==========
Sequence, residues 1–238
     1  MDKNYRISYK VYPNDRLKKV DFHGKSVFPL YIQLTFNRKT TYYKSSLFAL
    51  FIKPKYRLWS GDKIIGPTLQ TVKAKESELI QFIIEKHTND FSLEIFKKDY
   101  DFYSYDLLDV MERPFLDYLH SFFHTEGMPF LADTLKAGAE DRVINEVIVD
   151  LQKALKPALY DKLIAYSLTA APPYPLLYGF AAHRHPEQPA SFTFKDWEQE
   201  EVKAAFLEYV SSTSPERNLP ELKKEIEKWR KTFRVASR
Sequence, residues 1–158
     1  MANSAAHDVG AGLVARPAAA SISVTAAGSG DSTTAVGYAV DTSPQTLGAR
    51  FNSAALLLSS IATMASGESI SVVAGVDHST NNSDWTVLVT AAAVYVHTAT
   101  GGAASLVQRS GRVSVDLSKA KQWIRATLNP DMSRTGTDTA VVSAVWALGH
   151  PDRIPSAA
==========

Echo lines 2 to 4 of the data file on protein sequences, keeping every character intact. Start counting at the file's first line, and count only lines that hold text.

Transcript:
     1  MDKNYRISYK VYPNDRLKKV DFHGKSVFPL YIQLTFNRKT TYYKSSLFAL
    51  FIKPKYRLWS GDKIIGPTLQ TVKAKESELI QFIIEKHTND FSLEIFKKDY
   101  DFYSYDLLDV MERPFLDYLH SFFHTEGMPF LADTLKAGAE DRVINEVIVD